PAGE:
At that point, medical schools review your application and will send a secondary application to you if their admission committee chooses to proceed with your application. The secondary application typically consists of letters of recommendation, an essay, an application fee, and any other supplemental materials. Once the secondary applications are received, the committee will decide who they would like to invite for an interview and campus visit. Final decisions are made after the interview process.
What is Needed to Apply
The application process is a lengthy process and should be approached in a well-organized manner. Students will need to send official transcripts and applications fees to the application service of their choice as well as fill out the application with personal and academic data. Secondary applications specific to each medical school will commonly require a personal statement or essay, letters of recommendation, supplementary materials when requested, and an application fee.
Letters of recommendation should come from professors and healthcare professionals who know you well and can report on your academic ability or promise within the healthcare profession. Therefore, throughout your college career, you should foster relationships with your faculty members, particularly from the sciences, your pre-health advisor, and at least one physician with whom you’ve shadowed. When requesting letters of recommendation from these references, it is best to give them at least one month’s notice before the letters are due. In addition, it is helpful to provide to these references a copy of your personal statement, list of extracurricular activities, and reasons for why you are pursuing a health profession.
When to Apply
Students should apply to medical school during the early summer a year before they would start medical school (typically at the end of the student’s junior year). Application services typically open their applications in May or June for the upcoming year. For instance, the application for admission into medical schools for fall 2010 will be available in May or June 2009. Students are encouraged to apply early due to rolling admissions procedures at many medical schools. That means, as soon as a medical school receives your completed application, they can invite you for an interview and make a decision on your acceptance before some of your peers have even completed their initial application. Therefore, it is to your advantage to apply as soon as the application process opens.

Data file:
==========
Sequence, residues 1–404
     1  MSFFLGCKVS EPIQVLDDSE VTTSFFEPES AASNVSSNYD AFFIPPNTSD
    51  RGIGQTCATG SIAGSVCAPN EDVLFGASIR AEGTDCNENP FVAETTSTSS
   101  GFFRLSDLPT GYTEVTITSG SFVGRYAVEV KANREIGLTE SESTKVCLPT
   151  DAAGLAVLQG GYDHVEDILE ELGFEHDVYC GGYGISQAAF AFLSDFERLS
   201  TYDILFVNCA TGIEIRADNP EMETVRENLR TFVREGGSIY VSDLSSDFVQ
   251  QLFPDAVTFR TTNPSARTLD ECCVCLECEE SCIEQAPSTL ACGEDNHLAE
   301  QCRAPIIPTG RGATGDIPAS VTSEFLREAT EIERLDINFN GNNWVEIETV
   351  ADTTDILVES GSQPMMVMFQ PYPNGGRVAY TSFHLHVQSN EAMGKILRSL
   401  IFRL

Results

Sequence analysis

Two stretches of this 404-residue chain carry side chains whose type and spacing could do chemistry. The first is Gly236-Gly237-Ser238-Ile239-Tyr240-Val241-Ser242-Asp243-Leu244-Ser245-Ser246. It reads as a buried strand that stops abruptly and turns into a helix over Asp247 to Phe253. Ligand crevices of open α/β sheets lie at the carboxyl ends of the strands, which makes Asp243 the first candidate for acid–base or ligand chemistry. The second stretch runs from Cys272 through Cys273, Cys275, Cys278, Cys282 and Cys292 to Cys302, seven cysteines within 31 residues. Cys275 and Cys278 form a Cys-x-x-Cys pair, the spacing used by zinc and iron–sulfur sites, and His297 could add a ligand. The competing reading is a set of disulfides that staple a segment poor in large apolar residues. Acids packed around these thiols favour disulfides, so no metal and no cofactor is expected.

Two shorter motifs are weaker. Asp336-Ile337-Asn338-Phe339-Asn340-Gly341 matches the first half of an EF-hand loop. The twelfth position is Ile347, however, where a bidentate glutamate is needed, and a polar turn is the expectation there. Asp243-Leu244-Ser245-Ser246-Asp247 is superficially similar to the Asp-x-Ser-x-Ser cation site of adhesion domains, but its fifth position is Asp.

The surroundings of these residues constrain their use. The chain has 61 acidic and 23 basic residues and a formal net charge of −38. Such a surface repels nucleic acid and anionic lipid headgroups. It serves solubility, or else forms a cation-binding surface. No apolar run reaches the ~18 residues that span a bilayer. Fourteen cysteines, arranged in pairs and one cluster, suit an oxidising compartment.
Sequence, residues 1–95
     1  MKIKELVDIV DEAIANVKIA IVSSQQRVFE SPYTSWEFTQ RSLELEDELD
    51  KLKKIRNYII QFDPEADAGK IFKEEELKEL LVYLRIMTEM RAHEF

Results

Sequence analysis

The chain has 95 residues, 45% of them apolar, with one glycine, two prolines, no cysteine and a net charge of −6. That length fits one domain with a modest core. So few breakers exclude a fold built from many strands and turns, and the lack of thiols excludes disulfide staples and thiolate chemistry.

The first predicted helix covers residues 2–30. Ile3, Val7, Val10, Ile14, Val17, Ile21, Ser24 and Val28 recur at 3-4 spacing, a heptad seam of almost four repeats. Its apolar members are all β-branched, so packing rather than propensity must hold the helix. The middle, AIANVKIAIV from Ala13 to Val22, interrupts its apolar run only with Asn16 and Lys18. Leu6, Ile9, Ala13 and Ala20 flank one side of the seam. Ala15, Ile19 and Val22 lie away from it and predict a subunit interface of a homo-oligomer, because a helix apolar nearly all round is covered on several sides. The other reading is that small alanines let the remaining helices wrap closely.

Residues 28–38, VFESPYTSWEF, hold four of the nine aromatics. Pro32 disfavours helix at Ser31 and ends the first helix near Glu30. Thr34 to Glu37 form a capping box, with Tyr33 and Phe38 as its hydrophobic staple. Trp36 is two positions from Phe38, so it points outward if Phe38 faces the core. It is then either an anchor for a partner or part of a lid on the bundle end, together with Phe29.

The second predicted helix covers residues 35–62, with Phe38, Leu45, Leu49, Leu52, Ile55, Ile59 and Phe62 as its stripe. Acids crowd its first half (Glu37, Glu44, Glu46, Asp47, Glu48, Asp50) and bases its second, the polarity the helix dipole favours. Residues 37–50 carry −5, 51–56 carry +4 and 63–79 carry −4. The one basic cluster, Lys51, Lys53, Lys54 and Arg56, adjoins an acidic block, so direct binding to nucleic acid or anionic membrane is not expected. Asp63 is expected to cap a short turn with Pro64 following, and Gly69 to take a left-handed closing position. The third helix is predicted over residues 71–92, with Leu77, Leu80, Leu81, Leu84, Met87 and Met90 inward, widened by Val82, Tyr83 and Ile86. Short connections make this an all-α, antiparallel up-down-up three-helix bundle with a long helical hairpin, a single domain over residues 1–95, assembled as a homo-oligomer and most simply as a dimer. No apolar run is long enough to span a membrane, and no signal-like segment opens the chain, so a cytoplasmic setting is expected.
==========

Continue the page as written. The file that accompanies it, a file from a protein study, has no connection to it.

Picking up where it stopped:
When schools send you a secondary application after receiving your initial application, you must submit an additional materials requested by the school’s due date. These dates vary depending upon on the school. It is best to send these materials in as soon as possible so you may be considered for an interview.
Where to Apply
Students completing their pre-medical education at UMKC can qualify for almost all medical schools nationwide given they have completed the school’s prerequisite courses. However, students should be aware of the differences between public and private schools. Public medical schools have a mission to serve their state residents first since they are state-supported schools. Therefore, a Missouri resident will have a low chance of being accepted into a public medical school in another state without having significant ties to that state. Likewise, MU and UMKC will accept mostly Missouri residents (or applicants with significant ties to Missouri) and KU will accept mostly Kansas residents (or applicants with significant ties to Kansas). Private schools, like KCUMB or Saint Louis University, typically do not take residency into consideration when making admission decisions. For your convenience, here is a listing of medical schools in Missouri and Kansas
- University of Missouri-Kansas City (MD)-Kansas City, MO
- University of Missouri-Columbia (MD)-Columbia, MO
- Kansas City University of Medical and Biosciences (DO)-Kansas City, MO
- AT Still University: Kirksville College of Osteopathic Medicine (DO)-Kirksville, MO
- Saint Louis University (MD)-St. Louis, MO
- Washington University (MD)-St. Louis, MO
- University of Kansas (MD)-Kansas City, KS
UMKC College of Arts and Science Pre-Health Advising Homepage
UMKC Pre-Medical Society
UMKC General Catalog
UMKC School of Medicine
Applying to Allopathic (M.D.) Medical Schools:
American Association of Colleges of Osteopathic Medicine (AACOM) Homepage:
Applying to Osteopathic (D.O.) Medical Schools:
Medical College Admission Test (MCAT)
Kaplan Test Preparation
Kaplan’s Medical School Search Tool (Search and Compare)
Summer Medical and Dental Education Program